Major cyberattacks against organizations of various sizes seem to happen on a regular basis now. On Dec. 14, Yahoo announced the largest-ever data breach, involving around 1 billion customer accounts.
Despite the scale and harm from such attacks, there’s wide recognition that corporate leaders, especially boards of directors, aren’t taking the necessary actions to save their companies against these attacks. It’s not just an issue of finding the right cyber-defense tools and services, but also one of management awareness and security acumen at the highest level, namely corporate boards.
“Our country and its businesses and government agencies of all sizes are under attack from a variety of aggressive adversaries and we are generally unprepared to manage and fend off these threats,” said Gartner analyst Avivah Litan, a longtime cybersecurity consultant to many organizations.
“Some organizations do a better job than others, but those efforts are almost always led by CIOs, CISOs or business line managers and not by corporate boards, CEOs and executive management throughout government and the private sector,” Litan added.
Unless senior partners, corporate boards and other senior stakeholders get their act together, the threat actors will continue to succeed.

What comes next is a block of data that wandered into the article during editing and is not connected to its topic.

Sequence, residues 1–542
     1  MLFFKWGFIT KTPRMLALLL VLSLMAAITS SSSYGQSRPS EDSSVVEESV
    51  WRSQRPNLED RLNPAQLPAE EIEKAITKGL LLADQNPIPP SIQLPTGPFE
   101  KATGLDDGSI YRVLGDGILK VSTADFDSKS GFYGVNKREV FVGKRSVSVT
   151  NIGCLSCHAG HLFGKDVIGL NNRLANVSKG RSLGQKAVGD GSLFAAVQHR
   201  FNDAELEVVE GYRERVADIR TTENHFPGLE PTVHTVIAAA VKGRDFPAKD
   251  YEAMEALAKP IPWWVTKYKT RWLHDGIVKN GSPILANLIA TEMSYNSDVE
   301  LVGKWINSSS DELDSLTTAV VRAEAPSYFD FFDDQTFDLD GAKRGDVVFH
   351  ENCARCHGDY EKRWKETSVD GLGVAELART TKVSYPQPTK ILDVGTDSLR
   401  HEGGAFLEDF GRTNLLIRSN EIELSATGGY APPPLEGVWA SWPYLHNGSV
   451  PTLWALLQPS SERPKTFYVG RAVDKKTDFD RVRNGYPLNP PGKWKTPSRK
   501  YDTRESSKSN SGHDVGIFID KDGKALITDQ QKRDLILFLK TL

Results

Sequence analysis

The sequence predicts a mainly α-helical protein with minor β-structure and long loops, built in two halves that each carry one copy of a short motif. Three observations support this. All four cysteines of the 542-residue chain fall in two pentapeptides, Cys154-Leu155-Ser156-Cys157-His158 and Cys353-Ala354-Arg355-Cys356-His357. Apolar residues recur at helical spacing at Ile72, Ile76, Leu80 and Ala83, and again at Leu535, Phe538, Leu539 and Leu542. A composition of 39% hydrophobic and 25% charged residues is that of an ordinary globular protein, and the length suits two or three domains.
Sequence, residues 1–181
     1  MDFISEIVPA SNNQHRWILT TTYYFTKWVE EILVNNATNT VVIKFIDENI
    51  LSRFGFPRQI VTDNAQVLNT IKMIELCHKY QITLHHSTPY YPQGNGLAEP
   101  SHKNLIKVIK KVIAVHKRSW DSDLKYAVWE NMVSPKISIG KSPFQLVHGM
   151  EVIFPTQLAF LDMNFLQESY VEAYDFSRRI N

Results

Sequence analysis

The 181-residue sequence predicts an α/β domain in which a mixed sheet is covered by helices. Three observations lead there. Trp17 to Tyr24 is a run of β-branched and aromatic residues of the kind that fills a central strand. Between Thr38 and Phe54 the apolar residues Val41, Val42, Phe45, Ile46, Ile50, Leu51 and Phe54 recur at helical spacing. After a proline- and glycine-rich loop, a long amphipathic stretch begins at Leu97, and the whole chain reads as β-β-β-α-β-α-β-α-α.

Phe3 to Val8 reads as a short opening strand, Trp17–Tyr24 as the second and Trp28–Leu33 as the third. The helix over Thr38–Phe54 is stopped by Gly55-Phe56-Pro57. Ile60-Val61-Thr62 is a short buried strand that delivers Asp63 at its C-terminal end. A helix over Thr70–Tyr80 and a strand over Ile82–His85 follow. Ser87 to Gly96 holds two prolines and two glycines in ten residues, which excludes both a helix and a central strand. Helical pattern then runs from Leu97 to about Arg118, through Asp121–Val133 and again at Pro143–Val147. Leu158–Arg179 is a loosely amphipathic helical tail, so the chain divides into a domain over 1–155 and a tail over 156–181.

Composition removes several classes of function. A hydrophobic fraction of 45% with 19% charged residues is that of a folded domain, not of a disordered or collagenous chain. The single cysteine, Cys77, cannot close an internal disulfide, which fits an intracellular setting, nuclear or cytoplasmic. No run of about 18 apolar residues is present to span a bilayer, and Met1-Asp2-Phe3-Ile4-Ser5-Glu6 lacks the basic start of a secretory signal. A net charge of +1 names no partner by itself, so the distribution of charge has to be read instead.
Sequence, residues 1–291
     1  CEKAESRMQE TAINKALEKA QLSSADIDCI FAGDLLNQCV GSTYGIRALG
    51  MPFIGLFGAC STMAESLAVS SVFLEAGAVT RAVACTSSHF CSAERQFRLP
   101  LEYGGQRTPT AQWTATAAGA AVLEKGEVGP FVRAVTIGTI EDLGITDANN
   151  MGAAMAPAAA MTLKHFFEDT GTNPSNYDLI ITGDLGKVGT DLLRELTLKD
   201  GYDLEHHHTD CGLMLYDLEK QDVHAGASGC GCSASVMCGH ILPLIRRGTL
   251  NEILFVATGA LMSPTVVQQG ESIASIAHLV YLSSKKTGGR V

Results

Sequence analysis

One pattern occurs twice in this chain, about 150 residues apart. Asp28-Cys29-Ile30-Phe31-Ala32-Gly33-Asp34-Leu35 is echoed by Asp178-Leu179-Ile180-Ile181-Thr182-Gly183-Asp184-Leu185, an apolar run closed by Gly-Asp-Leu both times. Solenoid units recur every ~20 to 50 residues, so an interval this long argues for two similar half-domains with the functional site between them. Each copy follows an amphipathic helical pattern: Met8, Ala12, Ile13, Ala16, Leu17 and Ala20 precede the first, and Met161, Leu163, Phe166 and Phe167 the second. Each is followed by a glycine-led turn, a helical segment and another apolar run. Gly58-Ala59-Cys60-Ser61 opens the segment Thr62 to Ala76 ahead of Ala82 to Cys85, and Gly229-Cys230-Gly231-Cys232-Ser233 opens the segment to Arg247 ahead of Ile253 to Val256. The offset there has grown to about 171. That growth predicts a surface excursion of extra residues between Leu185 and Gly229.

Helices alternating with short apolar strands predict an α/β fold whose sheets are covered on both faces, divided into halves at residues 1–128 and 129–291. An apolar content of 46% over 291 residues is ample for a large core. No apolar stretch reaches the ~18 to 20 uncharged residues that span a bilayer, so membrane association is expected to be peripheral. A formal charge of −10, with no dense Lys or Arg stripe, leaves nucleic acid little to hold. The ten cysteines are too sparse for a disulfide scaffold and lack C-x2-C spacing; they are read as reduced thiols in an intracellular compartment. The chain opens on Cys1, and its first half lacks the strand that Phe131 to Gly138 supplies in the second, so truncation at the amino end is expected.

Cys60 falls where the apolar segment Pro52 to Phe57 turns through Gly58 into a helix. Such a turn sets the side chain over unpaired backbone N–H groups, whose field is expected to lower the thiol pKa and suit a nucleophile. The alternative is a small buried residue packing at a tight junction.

Litan said what’s needed is a national response and cyber protection plan, but said she fears that the federal government is “way too fragmented and politicized to make any real progress towards the execution of this goal.”
Threats against national infrastructure, including the electricity grid, are “enormously serious,” she added. “Unless senior executives, corporate boards and other senior stakeholders get their act together, the threat actors will continue to win. I’m not sure how many more wake-up calls we need in this country.”
Litan’s worries seem to have impacted some quarters of the corporate governance community. The National Association of Corporate Directors (NACD) recently released a survey of more than 600 corporate board directors and professionals that discovered only 19% believe their boards have a high level of understanding of cybersecurity risks. That’s an improvement from 11% in a similar poll conducted a year earlier.
The survey also inferred that 59% of respondents find it challenging to overlook several cyber risks. The nonprofit NACD, which has 17,000 members, is working along with security awareness firm Ridge Global and Carnegie Mellon University to establish a Cyber-Risk Oversight program to educate corporate directors about the systemic risks of cyberattacks.
Litan suggests that education is important, but she also supports state and federal laws to require organizations to report cyber attacks so that customers and partners will know how to change passwords and make other adjustments to protect sensitive data.
At the federal level, a number of U.S. senators have backed breach notification laws, but no bills have passed congressional muster. President Barack Obama proposed such legislation in 2015.
With the January inauguration of Donald Trump as the next U.S. president, it remains a mystery whether a federal breach notification law will take effect in the next four years, or longer.